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Daily Global Market Summary - 4 August 2020

04 August 2020 Chris Fenske

Equity markets closed higher across most of the globe and benchmark government bonds were also higher on the day. Commodities remained strong, as gold reached another record high today and oil also closed higher. iTraxx/CDX indices closed modestly tighter across both IG/high yield. The market will likely be focusing on this Friday's US employment report for the remainder of the week to assess how much the current wave of COVID-19 infections are impacting the restoration of the job losses from the initial wave.

Americas

  1. US equity markets closed modestly higher; Russell 2000 +0.7%, DJIA +0.6%, and Nasdaq/S&P 500 +0.4%.
  2. 10yr US govt bonds closed higher today at -5bps/0.51% yield and 5yr bonds closed at -3bps/0.19% yield after reaching a new record low intraday yield of 0.18%.
  3. CDX-NAIG closed -1bp/66bps and CDX-NAHY -3bps/430bps.
  4. Gold closed at +1.7%/$2,021 per ounce, which is a new record high close and it also broke a new intraday all-time high of $2,037 per ounce.
  5. Crude oil closed +1.7%/$41.70 per barrel.
  6. Coronavirus cases in the U.S. increased 1.1%, as compared with the same time Monday, to 4.74 million, according to data collected by Johns Hopkins University and Bloomberg News. The increase was lower than the average 1.4% daily gain over the past week. Deaths rose 0.7% to 156,133. (Bloomberg)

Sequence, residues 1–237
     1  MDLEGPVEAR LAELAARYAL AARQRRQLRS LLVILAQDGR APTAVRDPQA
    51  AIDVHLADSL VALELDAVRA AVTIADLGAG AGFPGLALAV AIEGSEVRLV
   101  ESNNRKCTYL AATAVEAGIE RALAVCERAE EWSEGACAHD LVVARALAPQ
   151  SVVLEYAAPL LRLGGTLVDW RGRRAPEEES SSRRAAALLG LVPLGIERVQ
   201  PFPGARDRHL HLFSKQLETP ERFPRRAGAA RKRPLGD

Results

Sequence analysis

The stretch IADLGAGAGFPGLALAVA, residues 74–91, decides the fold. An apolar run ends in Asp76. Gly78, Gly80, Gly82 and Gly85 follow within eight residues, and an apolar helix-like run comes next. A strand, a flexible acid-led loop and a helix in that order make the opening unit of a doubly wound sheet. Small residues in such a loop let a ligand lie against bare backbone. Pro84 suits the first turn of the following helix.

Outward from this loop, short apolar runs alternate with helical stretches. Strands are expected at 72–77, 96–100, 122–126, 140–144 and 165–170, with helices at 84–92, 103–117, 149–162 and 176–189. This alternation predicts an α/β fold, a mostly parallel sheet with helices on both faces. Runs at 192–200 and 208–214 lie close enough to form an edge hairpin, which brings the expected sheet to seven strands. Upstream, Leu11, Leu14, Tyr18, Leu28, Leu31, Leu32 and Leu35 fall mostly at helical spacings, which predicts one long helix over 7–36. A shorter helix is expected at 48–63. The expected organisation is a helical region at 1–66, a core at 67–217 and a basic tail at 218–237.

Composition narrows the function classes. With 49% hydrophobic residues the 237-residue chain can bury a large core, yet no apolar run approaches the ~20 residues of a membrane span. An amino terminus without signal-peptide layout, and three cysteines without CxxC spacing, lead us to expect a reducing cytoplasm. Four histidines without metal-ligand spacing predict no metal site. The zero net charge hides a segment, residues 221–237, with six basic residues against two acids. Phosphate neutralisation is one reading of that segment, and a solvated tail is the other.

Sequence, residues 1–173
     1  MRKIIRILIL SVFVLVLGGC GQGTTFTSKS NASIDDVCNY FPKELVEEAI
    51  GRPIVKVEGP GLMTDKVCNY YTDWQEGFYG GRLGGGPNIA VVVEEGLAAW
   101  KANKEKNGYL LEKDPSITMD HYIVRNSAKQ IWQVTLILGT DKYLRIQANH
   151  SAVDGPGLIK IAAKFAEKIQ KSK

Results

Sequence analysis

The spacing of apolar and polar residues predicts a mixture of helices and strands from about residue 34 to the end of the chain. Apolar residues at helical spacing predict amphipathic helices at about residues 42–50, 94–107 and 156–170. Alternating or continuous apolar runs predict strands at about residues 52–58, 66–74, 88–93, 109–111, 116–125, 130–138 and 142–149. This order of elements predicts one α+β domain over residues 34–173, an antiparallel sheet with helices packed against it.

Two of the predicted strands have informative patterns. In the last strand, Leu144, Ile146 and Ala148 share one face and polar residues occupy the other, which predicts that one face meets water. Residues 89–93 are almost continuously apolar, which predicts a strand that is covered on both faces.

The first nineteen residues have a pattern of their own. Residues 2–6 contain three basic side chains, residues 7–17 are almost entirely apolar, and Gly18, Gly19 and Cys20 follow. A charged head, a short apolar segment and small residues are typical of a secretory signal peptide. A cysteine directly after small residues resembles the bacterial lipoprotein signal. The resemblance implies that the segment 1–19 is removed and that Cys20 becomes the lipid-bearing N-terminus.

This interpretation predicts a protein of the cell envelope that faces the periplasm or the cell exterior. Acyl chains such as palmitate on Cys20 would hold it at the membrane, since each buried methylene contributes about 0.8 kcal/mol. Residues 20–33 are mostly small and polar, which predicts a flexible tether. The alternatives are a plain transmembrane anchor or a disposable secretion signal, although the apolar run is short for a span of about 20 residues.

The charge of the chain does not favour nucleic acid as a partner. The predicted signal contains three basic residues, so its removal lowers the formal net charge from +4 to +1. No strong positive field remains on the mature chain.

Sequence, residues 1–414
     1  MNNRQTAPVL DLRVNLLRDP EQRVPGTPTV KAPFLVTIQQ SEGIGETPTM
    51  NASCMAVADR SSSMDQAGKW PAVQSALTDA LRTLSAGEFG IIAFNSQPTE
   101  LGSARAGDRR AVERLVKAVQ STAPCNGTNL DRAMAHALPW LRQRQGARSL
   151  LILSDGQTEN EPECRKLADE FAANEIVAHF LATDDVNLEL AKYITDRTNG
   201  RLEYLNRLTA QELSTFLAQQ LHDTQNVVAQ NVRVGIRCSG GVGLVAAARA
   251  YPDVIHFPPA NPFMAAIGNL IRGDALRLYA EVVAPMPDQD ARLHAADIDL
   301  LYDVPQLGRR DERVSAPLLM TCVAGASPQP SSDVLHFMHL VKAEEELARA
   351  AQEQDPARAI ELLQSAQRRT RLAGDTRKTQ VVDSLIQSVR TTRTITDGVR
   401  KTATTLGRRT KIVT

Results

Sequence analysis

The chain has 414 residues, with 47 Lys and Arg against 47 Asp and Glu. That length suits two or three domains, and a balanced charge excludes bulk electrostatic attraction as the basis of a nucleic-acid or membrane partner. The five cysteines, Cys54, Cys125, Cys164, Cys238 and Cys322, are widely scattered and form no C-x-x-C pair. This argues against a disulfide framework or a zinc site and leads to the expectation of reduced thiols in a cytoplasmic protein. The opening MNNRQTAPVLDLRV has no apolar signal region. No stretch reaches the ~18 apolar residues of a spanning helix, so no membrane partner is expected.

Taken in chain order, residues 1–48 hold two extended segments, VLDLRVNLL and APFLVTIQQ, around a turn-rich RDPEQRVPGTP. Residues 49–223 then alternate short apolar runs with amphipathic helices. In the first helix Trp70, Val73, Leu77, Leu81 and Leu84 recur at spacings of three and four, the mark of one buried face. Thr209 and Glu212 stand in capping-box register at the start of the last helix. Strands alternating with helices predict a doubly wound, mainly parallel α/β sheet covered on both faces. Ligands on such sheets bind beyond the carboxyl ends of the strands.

7. US Manufacturers' orders rose 6.2% in June, while shipments rose 9.8%. Both followed increases in May. Inventories also rose in June on the heels of an increase in May. The data in this report reveal a manufacturing sector in the midst of recovery—at least through June.(IHS Markit Economists Ben Herzon and Lawrence Nelson)
    • The details in this report that bear on our GDP tracking added 0.1 percentage point to our forecast of third-quarter GDP growth, which now stands at 20.4% (annual rate). Our estimate of second-quarter GDP growth is unrevised at a 32.9% annualized rate of decline.
    • The increase in new orders in June reflected increases in both durables and nondurables. Most of the increase in durables was in transportation equipment.
    • Most of the increase in new orders for nondurable goods (which are assumed equal to shipments of nondurable goods), was in petroleum refineries, where petroleum prices have been rebounding.
    • The increases in new orders over May and June reversed roughly one-half of the decline in orders over March and April, as the recovery in manufacturing has a ways to go.
  8. US light-vehicle sales are estimated to have dropped 12.2% year on year (y/y) to 1,227,420 units in July and decreased 21.8% y/y to 7,688,741 units in the year to date (YTD). The seasonally adjusted annual rate (SAAR) of US light-vehicle sales is estimated to be 14.1-14.5 million units in July. Although remaining well below the year-earlier levels, light-vehicle sales in July are expected to have improved from the month prior reading and reflect little immediate impact from rising counts of COVID-19 cases in some US regions. (IHS Markit AutoIntelligence's Stephanie Brinley)